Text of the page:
According to the results of a recent study conducted by EAB on thousands of incoming college freshman, majors and academic programs topped the list of their concerns, ahead of tuition costs and concerns about financing their education. The result may be surprising, given the current student loan debt crisis facing millions of young Americans, but they have prompted some experts in the field to consider how campus post-graduate career advancement programs and resources remain a top motivator for college attendance and enrollment.
Why Academic Quality Trumps Reputation for College Students
According to the survey results, 70 percent of respondents indicated that they looked to college websites for information on the school’s academic programs, a 3.6 percent increase over the past two years. Meanwhile, less than a quarter of prospective students (19 percent) were most concerned with the reputation of the institution. Perhaps most surprisingly, the percentage of students seeking information about financial programs and opportunities was a relatively modest 24 percent.
The ROE (Return on Education) Factor
According to EAB, “research shows that Generation Z students are increasingly selecting majors and minors that will have a greater ‘ROE’–return on education. For example, Michigan State University, like so many other colleges and universities, has reported a sharp rise in engineering and business majors, and a steady decline in arts and letters majors since the recession.”
Data from the EAB study found that when presented with potential salary information and hiring prospects for their major, 12 percent of students switched to a different major. Concerns about job prospects and salary may be a key factor behind the growing uptick and resurgence of enrollment in engineering and computer science programs over liberal arts degrees.
Helping Prospective Students Calculate ROE
Although all young college-bound students may not place how to pay for college at the top of their list of concerns, the majority are viewing the colleges they are interested in through a lens of “what can your school do for me?” Placing your institution’s ROE at the forefront of recruitment efforts should be the main focus and selling point when recruiting Generation Z students, and to an extent their parents as well.
Student loan financing company SoFi helps to breakdown “return on education” for college students trying to decide where to go to college and just as (if not more) importantly, what to major in:
- Is the degree/program worth the cost?
- Is the program worth going into debt and taking out student loans for?
- What is the projected salary and change in income relative to the costs and debt?
The answers to these questions can help students determine their personal return on education. For college recruiters and marketers, shifting the focus to helping students and their families make the right connections between the institution’s programs and their future career and financial trajectory will be necessary to meet enrollment quotas.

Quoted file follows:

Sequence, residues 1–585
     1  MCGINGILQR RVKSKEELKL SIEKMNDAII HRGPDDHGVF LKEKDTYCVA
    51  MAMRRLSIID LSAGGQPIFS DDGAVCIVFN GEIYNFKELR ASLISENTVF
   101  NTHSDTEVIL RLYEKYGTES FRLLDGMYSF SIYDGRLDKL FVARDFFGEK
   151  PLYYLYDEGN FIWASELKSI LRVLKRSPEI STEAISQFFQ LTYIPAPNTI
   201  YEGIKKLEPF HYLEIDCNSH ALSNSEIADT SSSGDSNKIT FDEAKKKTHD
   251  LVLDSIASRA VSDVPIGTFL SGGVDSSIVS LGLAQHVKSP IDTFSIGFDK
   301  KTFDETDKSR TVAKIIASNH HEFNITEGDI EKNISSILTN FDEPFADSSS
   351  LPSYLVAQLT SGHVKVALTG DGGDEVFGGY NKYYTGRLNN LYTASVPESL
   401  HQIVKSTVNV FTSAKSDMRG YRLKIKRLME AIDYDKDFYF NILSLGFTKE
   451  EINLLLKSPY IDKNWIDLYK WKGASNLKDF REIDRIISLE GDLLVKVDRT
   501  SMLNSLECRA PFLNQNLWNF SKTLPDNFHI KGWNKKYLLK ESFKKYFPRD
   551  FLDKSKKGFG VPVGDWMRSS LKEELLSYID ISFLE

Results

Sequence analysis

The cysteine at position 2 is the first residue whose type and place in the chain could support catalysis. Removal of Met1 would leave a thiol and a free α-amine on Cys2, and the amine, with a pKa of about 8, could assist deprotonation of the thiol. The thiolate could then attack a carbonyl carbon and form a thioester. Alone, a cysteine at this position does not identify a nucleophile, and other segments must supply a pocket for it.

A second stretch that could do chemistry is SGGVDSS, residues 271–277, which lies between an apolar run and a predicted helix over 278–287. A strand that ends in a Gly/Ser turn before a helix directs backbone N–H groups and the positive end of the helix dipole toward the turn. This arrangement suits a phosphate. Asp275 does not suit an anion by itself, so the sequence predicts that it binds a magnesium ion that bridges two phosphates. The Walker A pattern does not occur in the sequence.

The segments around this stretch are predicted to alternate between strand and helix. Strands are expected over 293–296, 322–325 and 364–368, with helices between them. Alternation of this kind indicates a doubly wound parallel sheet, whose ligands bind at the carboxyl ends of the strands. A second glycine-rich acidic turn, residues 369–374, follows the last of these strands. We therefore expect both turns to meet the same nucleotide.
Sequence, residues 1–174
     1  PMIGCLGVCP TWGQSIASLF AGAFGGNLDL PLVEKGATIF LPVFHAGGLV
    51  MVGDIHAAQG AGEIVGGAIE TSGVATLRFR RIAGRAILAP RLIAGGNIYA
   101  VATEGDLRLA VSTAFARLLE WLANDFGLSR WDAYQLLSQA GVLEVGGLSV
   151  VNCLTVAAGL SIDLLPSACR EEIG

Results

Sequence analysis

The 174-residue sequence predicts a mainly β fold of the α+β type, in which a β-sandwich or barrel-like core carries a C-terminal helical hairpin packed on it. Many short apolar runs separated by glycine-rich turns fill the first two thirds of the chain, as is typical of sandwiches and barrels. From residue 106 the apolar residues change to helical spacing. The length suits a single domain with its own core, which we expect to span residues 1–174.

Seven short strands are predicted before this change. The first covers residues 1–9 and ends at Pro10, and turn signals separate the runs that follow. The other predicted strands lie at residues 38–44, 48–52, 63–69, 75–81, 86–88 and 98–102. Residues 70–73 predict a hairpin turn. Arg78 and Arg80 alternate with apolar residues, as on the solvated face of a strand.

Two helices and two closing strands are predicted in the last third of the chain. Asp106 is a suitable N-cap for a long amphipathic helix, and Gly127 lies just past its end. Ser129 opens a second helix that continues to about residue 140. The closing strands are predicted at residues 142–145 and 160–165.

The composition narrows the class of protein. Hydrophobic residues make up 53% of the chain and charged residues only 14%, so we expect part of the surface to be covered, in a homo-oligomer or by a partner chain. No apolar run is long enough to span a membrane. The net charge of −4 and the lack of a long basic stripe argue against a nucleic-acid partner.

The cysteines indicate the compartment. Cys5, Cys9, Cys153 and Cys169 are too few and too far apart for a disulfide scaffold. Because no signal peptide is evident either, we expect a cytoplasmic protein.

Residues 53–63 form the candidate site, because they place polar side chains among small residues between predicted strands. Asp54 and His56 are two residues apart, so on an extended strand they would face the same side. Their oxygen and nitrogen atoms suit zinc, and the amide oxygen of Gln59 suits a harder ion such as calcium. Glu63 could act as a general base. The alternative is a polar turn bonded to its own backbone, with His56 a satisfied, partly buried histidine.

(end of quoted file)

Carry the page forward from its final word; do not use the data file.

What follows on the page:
According to EAB’s assessment of the findings from their study,
One ‘so what’ of this New College Freshmen Survey finding, and from the return on education phenomenon overall, for that matter, is that colleges and universities should be thinking more deeply about the enrollment impact of their program portfolio choices. We find that as many schools review their academic programs and make changes, they too seldom and too narrowly factor in market information from enrollment managers.
Factors to Consider When Recruiting Generation Z Students
Not surprisingly, the students who participated in the EAB study admitted to getting much of their information through social media, so focusing efforts on advertising to and reaching students where they are most actively engaged should not be ignored. This ranges from Facebook ads to relevant sponsored content across social media platforms popular with college-aged students.
Merging College Recruitment With Career Counseling
More so than previous generations, incoming college students are less likely to wait until their senior year to decide what to major in, let alone to begin the job search and career-building. Consider incorporating the traditional campus career services with your institution’s recruitment efforts to highlight how getting a degree at your institution also offers a leg up on the job market, well before graduation:
- Emphasize employment rates and industry accomplishments and success from past alumni.
- Highlight internship and job training programs.
- Focus on prominent faculty and mentorship programs.
- Build on career fairs, career counseling services and opportunities for networking that can lead to job prospects.
Despite the fact that college financing and student debt are a major concern for a large portion of American college students and their families, Generation Z students are placing a higher premium on the quality and feasibility of their chosen majors and academic programs.
While an academic institution’s general reputation and extracurricular offerings may factor into the decision, the current generation’s main concern seems to be firmly placed on how their chosen field of study and college will help them to find the right career and meet their desired earning potential.
Meeting the needs of the new generation will require doing things differently. According to the Guardian, “The best way to manage the change? Work with Gen Zs and involve them in designing your services.”